Have you heard about the habal habal (modified motorcycle) driver from Cebu who bought a brand new motorcycle in cash, or rather, in coins?
Jeffrey Catayas saved P5 and P10 coins in bamboo slats for 8 months before bringing his savings to a Honda Center in Cebu. The Honda employees helped count his coins and Catayas was able to buy a brand new motorcycle in cash.
Wow. Just wow.
I finally submitted all my employment requirements two weeks ago and was told early last week that I can already open a Land Bank payroll account. This means that I should receive my initial pay in about a month. Hooray!
This isn’t the first time I’ve had a Land Bank payroll account though, but this is the first time I’ve enrolled in its iAccess online facility.
My first impression of iAccess is that it looks very dated. It had a very 70-ish vibe going on but I don’t think it was being cheeky or intentionally trying to be retro. But what it lacked in trendiness or wow factor design-wise, it made up for with its many useful and practical features.
When it comes to saving money, the internet is replete with common sense advice such as spend less than what you earn, stop eating out all the time, take public transportation etc. etc. and so forth. If you read enough of those lists/ articles, you’ll notice that there are several recurring principles behind those pieces of advice. Principles that at first glance might appear as if they have nothing to do with money, but scratch the surface a little and you’ll find the little pesos, happily going about their merry way. Of course I’m not going to keep you guessing about what these principles might be, so without further ado, here’s my list of the 5 “who would have thought it?!” ways you can save money.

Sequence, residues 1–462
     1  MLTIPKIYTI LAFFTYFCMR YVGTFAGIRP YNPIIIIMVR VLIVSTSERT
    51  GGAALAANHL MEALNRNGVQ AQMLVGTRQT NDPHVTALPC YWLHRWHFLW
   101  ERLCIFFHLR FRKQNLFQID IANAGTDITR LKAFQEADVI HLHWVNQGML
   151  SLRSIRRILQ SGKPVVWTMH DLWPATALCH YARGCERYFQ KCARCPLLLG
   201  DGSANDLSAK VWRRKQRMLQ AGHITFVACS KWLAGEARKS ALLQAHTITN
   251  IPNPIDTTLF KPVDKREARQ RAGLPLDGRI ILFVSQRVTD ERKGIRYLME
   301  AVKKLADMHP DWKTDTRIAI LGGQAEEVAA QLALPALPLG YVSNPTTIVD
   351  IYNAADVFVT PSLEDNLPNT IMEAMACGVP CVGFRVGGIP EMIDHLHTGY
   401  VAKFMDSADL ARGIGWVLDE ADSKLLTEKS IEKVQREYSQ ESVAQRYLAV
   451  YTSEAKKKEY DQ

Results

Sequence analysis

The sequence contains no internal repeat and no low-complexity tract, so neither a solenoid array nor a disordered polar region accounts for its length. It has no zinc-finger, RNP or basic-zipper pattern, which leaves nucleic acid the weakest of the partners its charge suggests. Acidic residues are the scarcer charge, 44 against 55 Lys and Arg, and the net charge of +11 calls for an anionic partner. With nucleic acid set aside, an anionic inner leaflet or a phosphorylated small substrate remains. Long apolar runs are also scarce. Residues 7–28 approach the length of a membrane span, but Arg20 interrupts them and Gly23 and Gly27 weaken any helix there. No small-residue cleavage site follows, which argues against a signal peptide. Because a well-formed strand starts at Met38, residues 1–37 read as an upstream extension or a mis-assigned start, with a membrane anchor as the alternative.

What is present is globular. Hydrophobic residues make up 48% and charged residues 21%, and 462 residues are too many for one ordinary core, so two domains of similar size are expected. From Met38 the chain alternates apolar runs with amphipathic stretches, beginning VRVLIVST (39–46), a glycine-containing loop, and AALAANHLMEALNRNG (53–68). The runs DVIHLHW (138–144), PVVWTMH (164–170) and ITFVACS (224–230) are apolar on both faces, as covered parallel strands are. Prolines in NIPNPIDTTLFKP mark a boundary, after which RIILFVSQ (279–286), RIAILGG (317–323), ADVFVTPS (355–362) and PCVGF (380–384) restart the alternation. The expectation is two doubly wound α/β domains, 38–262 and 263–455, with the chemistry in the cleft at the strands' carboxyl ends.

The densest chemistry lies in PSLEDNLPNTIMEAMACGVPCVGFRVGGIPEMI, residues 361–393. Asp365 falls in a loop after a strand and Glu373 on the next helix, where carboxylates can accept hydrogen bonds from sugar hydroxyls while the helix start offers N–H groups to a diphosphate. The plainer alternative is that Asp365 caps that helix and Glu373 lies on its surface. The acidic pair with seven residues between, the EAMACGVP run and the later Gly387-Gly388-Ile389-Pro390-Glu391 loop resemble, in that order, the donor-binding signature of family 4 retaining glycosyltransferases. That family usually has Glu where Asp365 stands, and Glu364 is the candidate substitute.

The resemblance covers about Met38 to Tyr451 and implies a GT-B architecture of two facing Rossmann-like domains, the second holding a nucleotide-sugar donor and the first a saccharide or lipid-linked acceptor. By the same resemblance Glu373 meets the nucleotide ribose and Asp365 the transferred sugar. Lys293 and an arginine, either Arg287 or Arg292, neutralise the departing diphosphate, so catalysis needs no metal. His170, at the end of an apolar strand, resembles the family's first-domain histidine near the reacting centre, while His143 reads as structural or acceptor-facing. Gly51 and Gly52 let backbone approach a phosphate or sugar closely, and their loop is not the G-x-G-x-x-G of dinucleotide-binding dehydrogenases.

I’ve always wondered my blog’s hits seem to spike dramatically at certain times of the month and I finally figured out why. RCBC has been featuring my sponsored post on their All-In Rewards program in their marketing email.
I’ve been looking forward to our July trip to Osaka & Kyoto for months now. In fact, I’ve talked about Japan so much that my friends and family are probably sick of hearing about it. But lately I’ve been feeling uneasy over the trip because of the possibility that we may not be able to afford it after all because: (1) I might be moving jobs after June, which means 2-3 months of no income; and (2) I’ll be dipping into our emergency funds for our spending money during the 11 days we’ll be in Japan.